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Showing posts from March, 2005

When UIs and Workflows Go Terribly Wrong

I heard about this story on NPR today and followed up on the source's web site, which is the Journal of the American Medical Association. To summarize very briefly, many hospitals now use a system called the "Computerized Physician Order Entry System" (CPOE) for patient prescription input. After a study they found the system's workflows and UI were so poorly designed that at best they're inefficient, and at worst they can cause serious problems. In one of the interviews on NPR today the gentleman being interviewed said that if, for example, you wanted to take a patient from an 8-per-day dosage of something down to 4-per-day, you had to enter the new dosage first, and then cancel the old dosage. If you just enter the new dosage and something happens or you get pulled away, then suddenly that patient's getting a 12-per-day dosage. Yikes!
I just thought it was interesting because while we all of course strive to build systems that are user-friendly on…

How Much Should Objects Know About Themselves?

This question came up in our CFUG meeting last month when I gave a CFC-101 presentation, but I was reminded of it again today while reading this article about Service-Oriented Architecture. Here's the pertinent quote that caught my attention:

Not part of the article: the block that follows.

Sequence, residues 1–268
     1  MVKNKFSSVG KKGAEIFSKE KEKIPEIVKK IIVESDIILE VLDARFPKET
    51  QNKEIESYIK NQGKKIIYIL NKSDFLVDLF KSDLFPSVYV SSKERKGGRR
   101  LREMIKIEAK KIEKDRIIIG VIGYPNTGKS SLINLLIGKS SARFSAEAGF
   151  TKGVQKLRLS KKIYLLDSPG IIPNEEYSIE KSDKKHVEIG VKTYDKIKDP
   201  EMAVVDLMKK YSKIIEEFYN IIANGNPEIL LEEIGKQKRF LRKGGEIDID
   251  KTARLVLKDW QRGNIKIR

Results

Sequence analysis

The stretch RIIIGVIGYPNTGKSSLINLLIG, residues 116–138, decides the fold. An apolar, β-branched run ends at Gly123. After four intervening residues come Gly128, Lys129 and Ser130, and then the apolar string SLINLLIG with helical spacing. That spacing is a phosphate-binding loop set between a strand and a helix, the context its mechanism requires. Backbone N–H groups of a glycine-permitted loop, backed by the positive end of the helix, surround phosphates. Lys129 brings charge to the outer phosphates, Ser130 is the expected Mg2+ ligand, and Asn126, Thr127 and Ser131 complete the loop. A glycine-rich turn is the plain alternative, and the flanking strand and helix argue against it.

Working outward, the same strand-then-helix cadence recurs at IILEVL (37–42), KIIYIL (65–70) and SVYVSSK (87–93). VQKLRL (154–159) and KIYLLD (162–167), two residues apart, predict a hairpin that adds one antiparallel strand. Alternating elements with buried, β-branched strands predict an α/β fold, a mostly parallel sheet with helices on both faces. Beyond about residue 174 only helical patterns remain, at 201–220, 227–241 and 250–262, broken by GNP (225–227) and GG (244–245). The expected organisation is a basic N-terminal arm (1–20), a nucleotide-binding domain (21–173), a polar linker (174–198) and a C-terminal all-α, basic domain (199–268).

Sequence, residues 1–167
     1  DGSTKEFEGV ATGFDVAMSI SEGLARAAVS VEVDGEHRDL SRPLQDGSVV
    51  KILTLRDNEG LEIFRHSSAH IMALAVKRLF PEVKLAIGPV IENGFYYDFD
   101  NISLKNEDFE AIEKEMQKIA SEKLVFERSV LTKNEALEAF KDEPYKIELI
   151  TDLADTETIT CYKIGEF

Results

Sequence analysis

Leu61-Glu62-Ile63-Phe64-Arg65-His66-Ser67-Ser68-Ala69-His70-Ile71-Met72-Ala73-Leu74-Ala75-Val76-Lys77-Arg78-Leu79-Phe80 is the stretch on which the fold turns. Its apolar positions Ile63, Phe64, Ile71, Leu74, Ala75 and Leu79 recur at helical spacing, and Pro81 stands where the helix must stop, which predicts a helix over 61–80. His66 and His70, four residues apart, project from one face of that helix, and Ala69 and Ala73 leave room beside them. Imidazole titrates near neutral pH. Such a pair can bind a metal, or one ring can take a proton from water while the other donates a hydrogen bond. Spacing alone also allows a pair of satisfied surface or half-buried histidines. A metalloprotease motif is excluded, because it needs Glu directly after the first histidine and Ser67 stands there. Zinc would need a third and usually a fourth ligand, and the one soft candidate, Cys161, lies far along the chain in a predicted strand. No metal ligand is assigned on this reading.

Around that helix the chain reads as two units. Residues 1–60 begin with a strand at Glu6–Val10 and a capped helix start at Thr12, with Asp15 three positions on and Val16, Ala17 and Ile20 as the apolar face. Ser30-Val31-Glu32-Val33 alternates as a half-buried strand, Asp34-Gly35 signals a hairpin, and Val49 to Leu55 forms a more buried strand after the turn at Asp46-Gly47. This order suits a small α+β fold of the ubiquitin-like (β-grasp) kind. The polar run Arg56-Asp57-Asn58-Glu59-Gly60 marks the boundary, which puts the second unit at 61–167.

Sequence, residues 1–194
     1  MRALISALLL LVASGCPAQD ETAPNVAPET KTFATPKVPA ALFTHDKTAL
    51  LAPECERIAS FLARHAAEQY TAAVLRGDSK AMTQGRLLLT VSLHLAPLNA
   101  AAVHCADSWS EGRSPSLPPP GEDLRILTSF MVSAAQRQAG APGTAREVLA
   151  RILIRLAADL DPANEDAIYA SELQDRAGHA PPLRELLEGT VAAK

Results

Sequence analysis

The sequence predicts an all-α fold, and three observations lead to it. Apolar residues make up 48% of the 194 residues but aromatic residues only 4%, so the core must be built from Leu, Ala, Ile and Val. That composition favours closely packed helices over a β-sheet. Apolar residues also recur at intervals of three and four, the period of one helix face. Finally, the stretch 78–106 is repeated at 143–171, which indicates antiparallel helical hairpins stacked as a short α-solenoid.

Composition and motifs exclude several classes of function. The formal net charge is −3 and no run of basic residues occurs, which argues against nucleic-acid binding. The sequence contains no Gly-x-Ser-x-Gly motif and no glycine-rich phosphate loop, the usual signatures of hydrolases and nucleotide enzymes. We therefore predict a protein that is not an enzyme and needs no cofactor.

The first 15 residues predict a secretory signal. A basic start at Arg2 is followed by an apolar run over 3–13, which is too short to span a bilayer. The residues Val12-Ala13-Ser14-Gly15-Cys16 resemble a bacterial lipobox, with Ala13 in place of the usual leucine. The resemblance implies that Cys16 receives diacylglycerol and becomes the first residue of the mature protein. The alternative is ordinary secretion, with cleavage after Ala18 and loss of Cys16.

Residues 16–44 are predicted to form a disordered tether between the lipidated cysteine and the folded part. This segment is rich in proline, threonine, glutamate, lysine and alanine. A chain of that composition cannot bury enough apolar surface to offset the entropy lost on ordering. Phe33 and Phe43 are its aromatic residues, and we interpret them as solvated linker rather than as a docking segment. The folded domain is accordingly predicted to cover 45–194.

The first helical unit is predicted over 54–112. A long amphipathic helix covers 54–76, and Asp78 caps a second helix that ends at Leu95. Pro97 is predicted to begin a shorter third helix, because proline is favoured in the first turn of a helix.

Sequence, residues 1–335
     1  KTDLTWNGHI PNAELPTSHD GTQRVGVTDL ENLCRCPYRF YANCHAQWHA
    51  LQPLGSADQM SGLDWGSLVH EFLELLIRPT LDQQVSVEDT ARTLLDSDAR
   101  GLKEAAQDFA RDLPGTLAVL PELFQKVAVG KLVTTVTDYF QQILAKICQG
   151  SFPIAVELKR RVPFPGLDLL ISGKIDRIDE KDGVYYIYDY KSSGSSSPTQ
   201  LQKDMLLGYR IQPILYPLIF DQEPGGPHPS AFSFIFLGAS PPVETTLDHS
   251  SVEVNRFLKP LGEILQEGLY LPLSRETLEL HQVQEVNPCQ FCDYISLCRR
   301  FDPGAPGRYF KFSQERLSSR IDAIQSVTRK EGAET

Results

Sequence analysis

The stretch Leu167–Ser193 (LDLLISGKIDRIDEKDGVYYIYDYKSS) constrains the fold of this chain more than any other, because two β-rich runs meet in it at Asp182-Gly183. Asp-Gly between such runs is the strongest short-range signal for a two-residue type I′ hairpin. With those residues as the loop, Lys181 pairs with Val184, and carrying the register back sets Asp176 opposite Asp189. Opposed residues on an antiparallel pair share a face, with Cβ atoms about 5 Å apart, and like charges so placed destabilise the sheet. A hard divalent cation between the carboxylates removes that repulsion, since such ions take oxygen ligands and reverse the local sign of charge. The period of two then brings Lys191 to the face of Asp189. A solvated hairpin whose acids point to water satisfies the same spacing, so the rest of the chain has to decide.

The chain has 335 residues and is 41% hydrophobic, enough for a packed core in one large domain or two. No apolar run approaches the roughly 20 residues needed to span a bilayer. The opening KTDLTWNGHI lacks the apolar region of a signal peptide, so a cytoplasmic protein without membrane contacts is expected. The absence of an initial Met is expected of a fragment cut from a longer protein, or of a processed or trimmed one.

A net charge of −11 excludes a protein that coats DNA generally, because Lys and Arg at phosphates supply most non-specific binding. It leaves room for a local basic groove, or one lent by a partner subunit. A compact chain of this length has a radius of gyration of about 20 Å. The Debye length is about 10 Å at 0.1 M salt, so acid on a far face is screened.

"The idea of SOA departs significantly from that of object oriented programming, which strongly suggests that you should bind data and its processing together. So, in object oriented programming style, every CD would come with its own player and they are not supposed to be separated. This sounds odd, but it's the way we have built many software systems."
In the context of the discussions we had at our CFUG meeting, this specifically came up when I was discussing the bean objects in the sample application I built. Several people thought they seemed too simple, and that I was leaving a bunch of methods out of the beans for the purposes of illustration. The beans actually were relatively "real-world" examples a…

Loving CFMX 7 Forms

After working heavily with the new forms capabilities in CFMX 7 for the past week or so, I want to personally thank the ColdFusion product engineers for the hard work in this area. This is by far the biggest productivity gain to ColdFusion in quite a while, and when a huge productivity gain like this is added to a tool that already beats the pants of its competitors for productivity, then the competitors better look out!
Since most of what I've been working on lately involves file uploads I've been focusing on the XML forms (XForms) and this is seriously cool stuff. I can finally just worry about the form elements themselves and not spend all my time doing formatting of the display. Not having to create HTML tables for the layout of my forms is a huge time saver, and the flexibility of being able to apply a different skin to my forms makes them extremely reusable. I can definitely see grabbing forms from one app and sticking them into another and just applying a n…